Market Overview

Would You Take a Bribe From Amazon to Leave a Store Empty-Handed?

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The nation's largest online retailer is offering consumers the chance to compare prices and walk away $5 richer.

Now before you scoff and say, “I don't need five bucks,” just remember that most consumers will go out of their way to save $0.50 on a 12-pack of Coke (NYSE: KO) or $2 on a package of toilet paper. It's the way of the world: humans love to save. And if we can get something for virtually nothing, we will jump at the chance.

This is where Amazon's (NASDAQ: AMZN) newest venture could really shine. According to AllThingsD, the promotion will go live this Saturday. Amazon's own site provides the following breakdown:

Get extra savings on December 10
– Get a 5% discount (up to $5) on select items in electronics, toys, sports, music, and DVDs just by checking a price. Redeem this offer up to (3) times – a savings of up to $15.
Check prices instantly: Scan It, Snap It, Say It or Type It
– Use barcode scanning, camera, speech or text search to find the lowest prices from Amazon.com and our merchants.
Share in-store prices
– With every in-store price you share, you help ensure our prices remain competitive for our customers.

The app can be downloaded directly from the App Store, the Android Market, or from Amazon.com (Android version only).

Amazon's product strategy is quite brilliant here. First, the company is enticing consumers with a fairly decent amount of saving, especially for those who take advantage of the offer on more than one occasion. Second, the company is reinforcing its own brand by convincing shoppers to check their Amazon app every time they visit Target (NYSE: TGT), Wal-Mart (NYSE: WMT) or Best Buy (NYSE: BBY). Third, the company is sneaky in its attempt to get consumers to spread the word that Amazon has superior prices. Oh sure – we may occasionally find a better deal in-store. I've encountered that once or twice myself. But that's a rarity.

Typically, if I'm buying in-store, it's because the product is either one that I want to see and touch and have the option to return in person without hassle (hence my reason for going to Best Buy), or because I want the item quickly and do not want to wait for it to be shipped. In both cases, I am not willing to pay more than what Amazon is charging. But if Target or Best Buy or any other retailer has the same price, there is no reason why I wouldn't go there instead.

Amazon is well aware of this danger. However, the company also knows that it can typically beat brick-and-mortar retailers by a sizeable amount. I have found that when it comes to DVDs, it isn't always easy – or even feasible – to save $10 or even $5 after the first week of release. You could scour the sales papers, check online frequently, and still fail to catch a deal. But Amazon tends to extend the savings for several months, and by the time Target has the latest season of The Middle on sale again, consumers could have already ordered it from Amazon.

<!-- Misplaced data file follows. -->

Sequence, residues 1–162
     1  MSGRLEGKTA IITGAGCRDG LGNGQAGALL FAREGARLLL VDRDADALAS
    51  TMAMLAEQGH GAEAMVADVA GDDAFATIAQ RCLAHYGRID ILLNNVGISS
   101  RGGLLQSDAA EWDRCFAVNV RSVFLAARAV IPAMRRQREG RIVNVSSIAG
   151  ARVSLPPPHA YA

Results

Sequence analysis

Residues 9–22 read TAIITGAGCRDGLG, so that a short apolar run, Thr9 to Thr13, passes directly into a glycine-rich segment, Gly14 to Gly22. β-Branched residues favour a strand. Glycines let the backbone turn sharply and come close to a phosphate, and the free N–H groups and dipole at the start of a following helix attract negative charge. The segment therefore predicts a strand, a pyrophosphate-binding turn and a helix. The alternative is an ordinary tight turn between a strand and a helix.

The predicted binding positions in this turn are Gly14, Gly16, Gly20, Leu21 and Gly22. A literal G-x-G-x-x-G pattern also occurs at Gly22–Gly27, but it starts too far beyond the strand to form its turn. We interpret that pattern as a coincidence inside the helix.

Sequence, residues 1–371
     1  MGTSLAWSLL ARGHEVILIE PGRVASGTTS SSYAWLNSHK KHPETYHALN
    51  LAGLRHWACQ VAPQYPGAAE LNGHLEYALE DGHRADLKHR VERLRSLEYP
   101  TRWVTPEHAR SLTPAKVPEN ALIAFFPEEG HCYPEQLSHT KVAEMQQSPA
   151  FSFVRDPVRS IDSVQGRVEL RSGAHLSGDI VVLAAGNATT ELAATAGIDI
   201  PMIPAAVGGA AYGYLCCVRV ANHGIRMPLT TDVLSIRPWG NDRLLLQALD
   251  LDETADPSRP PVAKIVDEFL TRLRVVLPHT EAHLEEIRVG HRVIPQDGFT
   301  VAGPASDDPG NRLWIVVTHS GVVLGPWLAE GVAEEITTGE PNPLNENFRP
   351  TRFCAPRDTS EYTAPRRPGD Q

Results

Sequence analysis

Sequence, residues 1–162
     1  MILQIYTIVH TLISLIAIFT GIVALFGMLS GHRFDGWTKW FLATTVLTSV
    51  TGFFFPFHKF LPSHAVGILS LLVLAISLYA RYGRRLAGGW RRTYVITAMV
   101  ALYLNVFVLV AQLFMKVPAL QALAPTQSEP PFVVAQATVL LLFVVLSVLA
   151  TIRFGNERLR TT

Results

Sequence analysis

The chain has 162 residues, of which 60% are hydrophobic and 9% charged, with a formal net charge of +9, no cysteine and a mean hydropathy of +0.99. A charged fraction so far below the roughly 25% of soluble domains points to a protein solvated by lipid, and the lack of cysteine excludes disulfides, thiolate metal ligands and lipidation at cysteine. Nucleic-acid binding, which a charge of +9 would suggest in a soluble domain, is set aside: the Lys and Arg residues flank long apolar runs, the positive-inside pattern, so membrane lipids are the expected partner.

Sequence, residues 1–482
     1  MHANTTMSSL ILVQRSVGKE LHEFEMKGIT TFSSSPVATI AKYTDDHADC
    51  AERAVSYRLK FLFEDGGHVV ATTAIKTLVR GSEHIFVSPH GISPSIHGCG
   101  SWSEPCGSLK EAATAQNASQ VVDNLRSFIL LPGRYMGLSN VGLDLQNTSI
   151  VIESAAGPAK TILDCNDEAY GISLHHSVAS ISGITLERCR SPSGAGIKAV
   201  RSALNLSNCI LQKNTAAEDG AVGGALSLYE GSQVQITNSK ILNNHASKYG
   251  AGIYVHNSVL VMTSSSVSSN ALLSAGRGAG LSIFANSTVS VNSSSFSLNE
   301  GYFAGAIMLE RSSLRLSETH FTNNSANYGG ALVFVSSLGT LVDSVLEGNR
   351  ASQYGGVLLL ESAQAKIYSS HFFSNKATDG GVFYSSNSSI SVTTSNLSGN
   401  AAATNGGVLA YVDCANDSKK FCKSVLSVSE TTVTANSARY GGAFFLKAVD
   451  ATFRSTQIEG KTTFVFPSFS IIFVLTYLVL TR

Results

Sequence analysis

Considering that DVDs (along with toys, sports, music and electronics) are one of the products that Amazon is pushing with this 5% discount, consumers could have the opportunity to save an even greater amount.

Right now, more and more consumers are turning to online retailers for their movie and music needs. Whether they download, stream, or purchase a physical item, consumers prefer the ease, convenience and cost savings of going online. By introducing this special deal now, Amazon is going to further train us – and by “us” I mean all consumers – to continue shopping online.

Where does this leave the competition? Target and Best Buy should follow up with similar apps of their own, and perhaps raise their discounts to 6% or 7%. That might not be a huge increase, but it's essential to consumers.

In fact, brick-and-mortar retailers could start building apps that, when used to check the price of an item available from an online retailer, could automatically pull up a coupon for consumers who choose to buy it in-store. And to be sure that consumers don't ignore the coupon in favor of shopping online, these same retailers could offer a redirect to their websites and allow consumers to use the coupons online as well.

ACTION ITEMS:

Bullish:

Amazon's latest deal sounds like a win-win for both the company and consumers. If you agree, consider the following:

  • Amazon is the obvious corporate winner in this scenario.
  • But toy manufacturers like Hasbro (NASDAQ: HAS) and Mattel (NASDAQ: MAT) could benefit from parents who buy additional toys for Christmas because, after the discount (not just the 5% deal but all of the deals that Amazon offers), they can afford to buy more.

Bearish:

Think the Amazon deal is nothing more than a silly gimmick designed to deter consumers from shopping elsewhere? Then consider these alternatives:

  • Target, Best Buy and Wal-Mart are still big sellers of electronics, music and DVDs. Wal-Mart is also one of the nation's largest toy retailers.
  • Dick's Sporting Goods (NYSE: DKS) is one of the bigger retailer of sports items competing with Amazon.

Follow me @LouisBedigian

Neither Benzinga nor its staff recommend that you buy, sell, or hold any security. We do not offer investment advice, personalized or otherwise. Benzinga recommends that you conduct your own due diligence and consult a certified financial professional for personalized advice about your financial situation.

 

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